When I was growing up, I had a dream of becoming a journalist, not the relatively popular New Times sports journalists that you all possibly know but just a newsman in whichever field or capacity.
And in more than just one way or the other, I managed to achieve my childhood goal something to which I say thank you to my parents and to a large extent those people with whom I have worked closely in the past five or so years.
Why did I choose journalism? Because you get to meet all sorts of people and also, it takes you places and I am gland to note that, so far I’ve managed to go some places and still going.
The latest being Accra, the capital of Ghana where I’ll get the chance to watch final of the 26th Africa Cup of Nations how many get those sorts of chances? I call that living the dream!
And further still, going for Africa’s most prestigious football showpiece may be an historic landmark to anyone but to watch my favorites team on the African team, Ghana live in action makes it even sweeter.
Since the start of the tournament on January 20, I have stood by the Black Stars winning their record equaling fifth African title.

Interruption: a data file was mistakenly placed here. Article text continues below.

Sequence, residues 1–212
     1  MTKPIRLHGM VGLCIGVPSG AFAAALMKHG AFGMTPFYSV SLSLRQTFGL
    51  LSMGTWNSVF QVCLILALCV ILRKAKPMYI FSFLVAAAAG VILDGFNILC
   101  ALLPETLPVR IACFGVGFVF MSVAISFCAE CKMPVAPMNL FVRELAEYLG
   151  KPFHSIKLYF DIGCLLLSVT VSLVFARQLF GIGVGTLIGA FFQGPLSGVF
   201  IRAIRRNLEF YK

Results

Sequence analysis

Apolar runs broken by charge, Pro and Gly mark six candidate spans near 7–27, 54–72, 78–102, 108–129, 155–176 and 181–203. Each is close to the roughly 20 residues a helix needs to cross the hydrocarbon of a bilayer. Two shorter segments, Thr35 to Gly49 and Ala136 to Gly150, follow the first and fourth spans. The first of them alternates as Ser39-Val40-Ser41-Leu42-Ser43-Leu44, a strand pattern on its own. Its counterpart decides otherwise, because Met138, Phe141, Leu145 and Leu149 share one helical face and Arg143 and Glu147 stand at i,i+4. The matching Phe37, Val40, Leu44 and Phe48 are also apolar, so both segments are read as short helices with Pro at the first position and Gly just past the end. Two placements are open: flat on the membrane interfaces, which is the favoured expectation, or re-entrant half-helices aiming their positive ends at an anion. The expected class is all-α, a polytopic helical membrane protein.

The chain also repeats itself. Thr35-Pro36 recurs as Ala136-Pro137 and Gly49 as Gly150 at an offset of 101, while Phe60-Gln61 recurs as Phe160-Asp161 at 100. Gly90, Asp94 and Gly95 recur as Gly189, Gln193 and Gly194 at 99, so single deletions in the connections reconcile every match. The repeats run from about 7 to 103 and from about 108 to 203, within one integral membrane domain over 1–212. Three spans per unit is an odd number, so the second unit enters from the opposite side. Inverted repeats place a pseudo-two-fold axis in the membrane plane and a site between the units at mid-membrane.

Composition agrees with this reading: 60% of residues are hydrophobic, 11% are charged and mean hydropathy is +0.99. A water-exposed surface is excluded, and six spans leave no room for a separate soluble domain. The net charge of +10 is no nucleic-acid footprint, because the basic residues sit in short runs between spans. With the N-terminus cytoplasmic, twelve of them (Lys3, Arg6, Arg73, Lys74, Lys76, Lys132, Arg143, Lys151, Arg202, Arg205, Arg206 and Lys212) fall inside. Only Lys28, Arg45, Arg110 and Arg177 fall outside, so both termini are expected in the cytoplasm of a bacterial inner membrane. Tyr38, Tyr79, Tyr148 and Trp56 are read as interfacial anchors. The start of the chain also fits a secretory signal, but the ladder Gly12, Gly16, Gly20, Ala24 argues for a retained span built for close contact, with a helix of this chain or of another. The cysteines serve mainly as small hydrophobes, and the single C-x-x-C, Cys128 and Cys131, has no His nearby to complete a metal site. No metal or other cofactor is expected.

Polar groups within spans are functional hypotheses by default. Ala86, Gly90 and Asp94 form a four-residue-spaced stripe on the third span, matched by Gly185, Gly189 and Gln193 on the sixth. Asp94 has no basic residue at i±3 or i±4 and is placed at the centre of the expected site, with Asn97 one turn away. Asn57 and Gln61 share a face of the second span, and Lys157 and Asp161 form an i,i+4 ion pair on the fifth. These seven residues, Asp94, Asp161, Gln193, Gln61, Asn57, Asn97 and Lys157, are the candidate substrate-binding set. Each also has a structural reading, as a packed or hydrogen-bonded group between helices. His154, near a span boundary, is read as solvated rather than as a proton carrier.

A win for the hosts will definitely bail me out of a situation where I’ve had troubles to convince the many doubting Thomases about how good Ghana is.
But failure to win the title (for the hosts) won’t be the end of the world after all; football is a beautiful game—its unpredictability makes it the world’ most famous sport, loved by billions of fans around the globe.
Nigeria disappointed many, like they have always done in the past at major tournaments by exiting at the quarterfinal stage but I for one wasn’t surprised because for them, you always expect the unexpected.
On paper, the Super Eagles, two-time African champions and Ivory Coast have probably the strongest squad with all their players featuring in top clubs in various European leagues. But when it comes to major tournaments Nigerian players just seem not to give a damn about giving their all for their country Nigerians back at home have in the past accused the players for lacking the passion to wear their national colors. And when you consider the way the Super Eagles approach games, you get the same impression (that they don’t care about ‘dying’ for their country’s cause) just like the Cameroonians or Egyptians and to some extend Ghanaians do.
The last time I saw Nigeria players give their all for their country was 14 years ago when they actually won it African crown in Tunisia.
Nigeria is a country with the most professional players and that evidence gives them the potential to be a contender for every Africa Cup of Nations but alas.
Now the likes of Ivory Coast, Egypt, Ghana, Mali and even Guinea could find themselves toppling the Nigeria as Africa’s top footballing nation in not a distant future.